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- Build quality, ports, and security
- Audio, camera, and apps
- Performance: Surprisingly disappointing
- Conclusion: The experience, not the performance
Performance: Surprisingly disappointing
We thought that Acer’s Swift 3, and what we assumed to be a powerful Core i7-1065G7 chip inside, would open the door to performance that’s among the best the category has to offer—if you exclude the Ryzen-powered Acer Swift 3, that is. Yet the Swift 3 is a bit of a puzzle. It held up pretty well in real-world performance, both in office work and in streaming video. My son didn’t want to give it up while “testing” it as a Fortnite PC—though, as it turns out, he had to turn the graphics settings down to Low while running at 1080p or lower.
But even after re-running our benchmarks several times, its 10th-gen Core i7 chip still finished dead last in our Cinebench CPU test. We checked our results with Acer, who confirmed our results. After reading our performance scores below, you'll see why we were torn on how we rated the Swift 3.
We test each laptop using a mix of real-world and synthesized benchmarks, comparing the Swift 3 to a variety of competitors with similar specifications and about the same price point. We’ve highlighted the Swift 3’s results in red in the following graphs.
PCMark 8’s Work and Creative tests offer a mix of real-world tasks, beginning with the Office test’s emphasis on spreadsheets, word processing, web browsing, and videoconferencing. A score of 2,000 or higher means the laptop can handle mainstream tasks competently, All of the laptops we test do well here, and the comparative placement (midrange for this Swift 3) is satisfactory.
The Creative workloads tests the laptop in multimedia-oriented tasks, such as light gaming, and photo and video editing. Here, the Swift 3 scored solidly above average.
We use Maxon’s Cinebench test to push the CPU’s workload to the max to render a scene. If you plan to use your laptop for CPU-intensive workloads like rendering, this test can point you toward appropriate choices.
The Swift 3's dead-last finish is a real puzzler. All the other laptops we compared with the same CPU are clustered toward the middle or above, while the Swift 3 is stuck behind a bunch of 8th-gen 'U' series mobile chips.
HandBrake is a different story. This real-world CPU test uses the free utility to convert a real-world, feature-length movie to a format suitable for playback on an Android tablet. Becuase it's a prolonged task, it tends to separate the thermally well-managed laptops from the ones that struggle to stay cool and have to throttle performance as a result. Shorter times are better, and here again, the Swift 3 falls far behind laptops with the same CPU, falling in with older chips instead.
We don’t test gaming as intensively as we would for a dedicated gaming laptop, but you’ll still want to know if you can relax after hours with, say, Fortnite or Rocket League. (The answer is a qualified yes: Fortnite is quite accommodating at various resolutions and graphics levels, but the Swift 3’s performance on other games, such as the older Rise of the the Tomb Raider, was quite disappointing: just 11 frames per second at 1080p resolution, on High graphics levels.) We use 3DMark’s Sky Diver test to evaluate laptops with integrated graphics, and the high-powered Ice Lake chip inside the Swift 3 does compare well to other laptops using Intel’s low-end UHD graphics.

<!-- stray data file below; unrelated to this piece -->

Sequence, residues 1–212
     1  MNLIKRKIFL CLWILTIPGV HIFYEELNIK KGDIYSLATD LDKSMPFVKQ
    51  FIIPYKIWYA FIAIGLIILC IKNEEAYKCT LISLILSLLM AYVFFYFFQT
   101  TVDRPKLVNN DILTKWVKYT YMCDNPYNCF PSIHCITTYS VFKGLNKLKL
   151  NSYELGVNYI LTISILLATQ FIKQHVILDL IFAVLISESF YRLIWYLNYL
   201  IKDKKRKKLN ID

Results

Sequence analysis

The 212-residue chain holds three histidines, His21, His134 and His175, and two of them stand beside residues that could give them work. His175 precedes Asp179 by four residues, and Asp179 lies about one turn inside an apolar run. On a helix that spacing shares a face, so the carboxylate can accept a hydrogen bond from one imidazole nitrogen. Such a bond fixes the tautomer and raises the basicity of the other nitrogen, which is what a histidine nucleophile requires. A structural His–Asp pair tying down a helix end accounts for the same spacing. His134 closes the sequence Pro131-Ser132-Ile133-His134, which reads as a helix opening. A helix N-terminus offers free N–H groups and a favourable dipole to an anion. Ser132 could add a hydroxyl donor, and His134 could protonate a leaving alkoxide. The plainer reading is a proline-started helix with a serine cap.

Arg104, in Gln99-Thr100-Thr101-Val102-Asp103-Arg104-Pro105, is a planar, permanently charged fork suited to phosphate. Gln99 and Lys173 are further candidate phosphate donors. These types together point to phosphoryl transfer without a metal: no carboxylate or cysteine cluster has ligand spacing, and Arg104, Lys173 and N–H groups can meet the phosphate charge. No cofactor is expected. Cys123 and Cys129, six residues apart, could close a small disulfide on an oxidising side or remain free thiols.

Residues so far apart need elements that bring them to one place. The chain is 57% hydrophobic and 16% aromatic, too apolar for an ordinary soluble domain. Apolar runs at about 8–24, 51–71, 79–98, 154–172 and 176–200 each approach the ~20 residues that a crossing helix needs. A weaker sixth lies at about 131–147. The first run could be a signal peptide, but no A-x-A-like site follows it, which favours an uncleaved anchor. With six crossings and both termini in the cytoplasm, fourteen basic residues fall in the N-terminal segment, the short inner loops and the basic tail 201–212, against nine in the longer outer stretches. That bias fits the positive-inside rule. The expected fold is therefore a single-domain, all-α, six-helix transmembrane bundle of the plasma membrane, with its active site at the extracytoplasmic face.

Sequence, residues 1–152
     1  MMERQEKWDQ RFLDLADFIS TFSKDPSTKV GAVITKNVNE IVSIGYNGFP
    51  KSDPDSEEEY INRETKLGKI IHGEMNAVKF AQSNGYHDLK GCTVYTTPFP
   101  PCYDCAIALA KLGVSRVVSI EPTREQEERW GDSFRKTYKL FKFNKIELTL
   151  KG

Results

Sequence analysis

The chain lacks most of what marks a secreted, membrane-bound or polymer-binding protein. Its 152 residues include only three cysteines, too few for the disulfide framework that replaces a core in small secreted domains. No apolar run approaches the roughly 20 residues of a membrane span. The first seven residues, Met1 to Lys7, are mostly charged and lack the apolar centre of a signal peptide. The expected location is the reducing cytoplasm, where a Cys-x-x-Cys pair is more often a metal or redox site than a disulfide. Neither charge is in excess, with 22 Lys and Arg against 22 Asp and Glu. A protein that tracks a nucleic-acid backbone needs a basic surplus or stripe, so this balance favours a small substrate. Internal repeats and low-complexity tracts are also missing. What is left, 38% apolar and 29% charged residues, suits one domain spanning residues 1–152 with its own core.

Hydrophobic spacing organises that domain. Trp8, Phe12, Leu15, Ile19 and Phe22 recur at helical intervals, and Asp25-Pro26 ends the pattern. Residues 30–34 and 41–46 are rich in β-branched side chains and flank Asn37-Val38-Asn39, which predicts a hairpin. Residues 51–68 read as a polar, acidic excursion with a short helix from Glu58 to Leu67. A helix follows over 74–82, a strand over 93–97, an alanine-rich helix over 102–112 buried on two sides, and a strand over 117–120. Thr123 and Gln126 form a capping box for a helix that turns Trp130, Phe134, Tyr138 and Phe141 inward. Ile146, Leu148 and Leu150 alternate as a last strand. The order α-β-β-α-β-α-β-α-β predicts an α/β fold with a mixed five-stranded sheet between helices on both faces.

Finally, we come to battery life. We loop a 4K movie over and over until the battery runs out. There are other ways of testing battery life—office work with Wi-Fi on, for example—but our method is repeatable, and matches up nicely to how you’d use the laptop for a transoceanic flight, for example. Of course, if you use the Swift 3 at its maximum 400-nit brightness, rather than the 250 nits we set for testing, battery life will suffer.
Here, the Swift 3 redeems itself somewhat with just over thirteen hours of battery life. This suggests you could work from the couch all day with no problem, and is a result worth applauding.
Conclusion: The experience, not the performance
It’s rare to find a laptop that I really enjoyed using, but whose performance is so disappointing. Let’s tally up the positives: a top-notch keyboard, premium Thunderbolt I/O, a crisp, lovely 2K screen, excellent battery life. On the opposing side of the ledger, the Swift 3’s performance is middling to poor, its audio so-so, and the software experience is lacking as well.
We probably agonized over our choice more than we should: 3.5 stars? Or a full four? We had to go with our gut. For its everyday combination of a great keyboard, beautiful display, and excellent battery life, Acer’s Swift 3 (SF313-52-78W6) earns four stars. If you’re more concerned with performance, there’s an easy answer to all this: buy our Editor’s Choice, the Acer Swift 3 (SF314-42-R9YN) instead, and for less. You’ll lose the Thunderbolt ports and the lovely 2K screen. Either way, however, we think you’ll win.
Acer Swift 3 (SF313-52-78W6)
Acer's latest Swift 3 hits the trifecta in terms of performance, keyboard quality and battery life. Performance, though, could stand to improve.
- Excellent keyboard
- Lovely, crisp display
- Top-notch battery life
- Performance that's frankly disappointing
- Software utilities need to be reorganized
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